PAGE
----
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Jim Brown, More than a Lacrosse

Jim Brown, More than a Lacrosse

Front row: Bill Russell, Muhammad Ali, Jim Brown, and Kareem Abdul Jabar. June 4, 1967 press conference given by the top African American athletes of that time in support of Ali’s opposition to the Vietnam War draft.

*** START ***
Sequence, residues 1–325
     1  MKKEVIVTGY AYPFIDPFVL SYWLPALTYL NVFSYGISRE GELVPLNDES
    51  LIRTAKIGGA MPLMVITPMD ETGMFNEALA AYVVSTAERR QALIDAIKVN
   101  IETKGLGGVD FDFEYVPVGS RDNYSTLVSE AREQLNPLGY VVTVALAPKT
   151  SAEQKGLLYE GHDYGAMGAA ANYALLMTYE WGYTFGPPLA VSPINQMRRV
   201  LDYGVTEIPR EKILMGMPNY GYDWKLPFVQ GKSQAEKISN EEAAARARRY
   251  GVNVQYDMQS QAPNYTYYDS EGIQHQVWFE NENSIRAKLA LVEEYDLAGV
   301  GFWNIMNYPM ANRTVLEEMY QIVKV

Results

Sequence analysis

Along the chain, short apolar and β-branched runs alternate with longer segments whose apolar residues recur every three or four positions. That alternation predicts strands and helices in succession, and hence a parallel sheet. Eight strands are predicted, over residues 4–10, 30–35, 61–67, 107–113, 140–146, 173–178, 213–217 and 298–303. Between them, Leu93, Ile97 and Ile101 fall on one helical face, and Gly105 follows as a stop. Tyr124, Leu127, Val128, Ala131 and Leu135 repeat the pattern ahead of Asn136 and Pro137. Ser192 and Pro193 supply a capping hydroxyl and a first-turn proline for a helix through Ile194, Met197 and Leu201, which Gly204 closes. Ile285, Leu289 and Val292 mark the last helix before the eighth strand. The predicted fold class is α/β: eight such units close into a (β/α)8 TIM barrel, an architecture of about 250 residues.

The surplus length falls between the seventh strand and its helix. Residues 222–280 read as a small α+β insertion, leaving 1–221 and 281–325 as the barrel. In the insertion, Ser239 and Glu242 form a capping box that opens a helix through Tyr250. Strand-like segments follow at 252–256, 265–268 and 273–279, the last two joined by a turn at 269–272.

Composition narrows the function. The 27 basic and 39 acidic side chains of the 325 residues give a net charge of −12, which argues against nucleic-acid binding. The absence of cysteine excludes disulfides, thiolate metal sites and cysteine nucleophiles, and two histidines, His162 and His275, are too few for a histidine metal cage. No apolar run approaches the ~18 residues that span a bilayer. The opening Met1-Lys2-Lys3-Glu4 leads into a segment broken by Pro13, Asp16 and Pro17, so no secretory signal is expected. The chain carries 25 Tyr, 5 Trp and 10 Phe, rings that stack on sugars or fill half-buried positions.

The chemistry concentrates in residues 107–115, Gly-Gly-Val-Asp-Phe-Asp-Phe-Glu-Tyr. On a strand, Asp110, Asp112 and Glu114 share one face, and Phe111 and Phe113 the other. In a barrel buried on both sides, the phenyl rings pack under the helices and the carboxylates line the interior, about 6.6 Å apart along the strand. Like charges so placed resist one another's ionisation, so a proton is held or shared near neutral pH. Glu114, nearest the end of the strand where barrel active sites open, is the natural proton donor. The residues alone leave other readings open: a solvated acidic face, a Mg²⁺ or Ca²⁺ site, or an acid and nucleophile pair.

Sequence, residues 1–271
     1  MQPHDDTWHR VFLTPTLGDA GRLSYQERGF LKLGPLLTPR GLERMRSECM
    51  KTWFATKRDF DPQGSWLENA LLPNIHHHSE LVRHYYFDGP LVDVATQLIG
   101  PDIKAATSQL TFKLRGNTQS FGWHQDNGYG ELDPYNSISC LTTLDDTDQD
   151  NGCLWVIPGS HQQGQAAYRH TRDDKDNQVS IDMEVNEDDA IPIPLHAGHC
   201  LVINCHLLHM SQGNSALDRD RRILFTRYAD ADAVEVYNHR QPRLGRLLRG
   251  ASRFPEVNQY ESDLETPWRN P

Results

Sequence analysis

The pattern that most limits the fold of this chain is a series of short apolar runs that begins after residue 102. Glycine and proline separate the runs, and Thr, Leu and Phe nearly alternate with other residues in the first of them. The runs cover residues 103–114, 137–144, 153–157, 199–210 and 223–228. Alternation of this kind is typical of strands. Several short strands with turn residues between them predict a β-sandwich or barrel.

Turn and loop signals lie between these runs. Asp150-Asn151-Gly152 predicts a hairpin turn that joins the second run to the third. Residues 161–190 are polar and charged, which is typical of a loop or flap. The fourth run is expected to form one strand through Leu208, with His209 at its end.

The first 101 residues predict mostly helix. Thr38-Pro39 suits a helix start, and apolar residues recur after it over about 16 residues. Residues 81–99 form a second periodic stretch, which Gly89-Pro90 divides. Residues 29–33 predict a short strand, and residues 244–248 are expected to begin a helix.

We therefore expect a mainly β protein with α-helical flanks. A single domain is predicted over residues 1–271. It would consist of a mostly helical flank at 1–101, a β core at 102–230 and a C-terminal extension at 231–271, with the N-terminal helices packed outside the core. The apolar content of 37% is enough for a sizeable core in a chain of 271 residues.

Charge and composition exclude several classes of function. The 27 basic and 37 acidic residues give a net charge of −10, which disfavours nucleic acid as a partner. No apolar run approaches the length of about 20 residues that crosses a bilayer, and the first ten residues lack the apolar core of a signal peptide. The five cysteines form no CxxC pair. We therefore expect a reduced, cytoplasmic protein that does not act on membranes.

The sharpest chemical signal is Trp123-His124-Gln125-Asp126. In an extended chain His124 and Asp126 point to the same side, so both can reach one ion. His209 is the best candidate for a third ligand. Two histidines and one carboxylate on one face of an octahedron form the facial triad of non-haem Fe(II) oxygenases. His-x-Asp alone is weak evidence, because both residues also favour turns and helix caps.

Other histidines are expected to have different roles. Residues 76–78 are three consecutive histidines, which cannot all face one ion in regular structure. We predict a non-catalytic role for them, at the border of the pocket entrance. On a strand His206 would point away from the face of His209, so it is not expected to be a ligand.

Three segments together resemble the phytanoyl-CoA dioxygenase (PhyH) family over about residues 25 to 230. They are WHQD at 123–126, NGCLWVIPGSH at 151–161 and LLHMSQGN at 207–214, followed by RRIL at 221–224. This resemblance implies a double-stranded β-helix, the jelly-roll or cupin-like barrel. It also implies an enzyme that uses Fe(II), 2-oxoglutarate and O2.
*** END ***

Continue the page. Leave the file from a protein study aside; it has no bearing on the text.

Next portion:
Growing up playing lacrosse in the 1970s and 1980s, I never saw Jim Brown play. What I knew about him was based on seeing him on myriads of NFL highlight films particularly as Walter Payton came ever closer to breaking Browns all time rushing records and from my Dad. “That Jim Brown is bad!” my dad would often say, impressed by Browns black cool style and black militancy as he destroyed one color barrier and stereo-type in American society after another. Brown refused to accept racist customs and submit to white privilege and my Dad admired Big Jim for that. He like Malcolm X, Bill Russell, Ali, Kareem, and the two brothers, Tommy Smith and John Carlos, who gave the black power salute during the 1968 Mexico City Olympics, Brown would not compromise his views for fear that it would hurt his career and pay check. I met Jim Brown in 1984 when we (Syracuse) played Hobart College the Div III national champions in 83 in Manhasset High School’s Lacrosse Day of Champions on the island, a great event. This coincided with Brown’s induction into the National Lacrosse Hall of Fame in 1983. More on this tomorrow.

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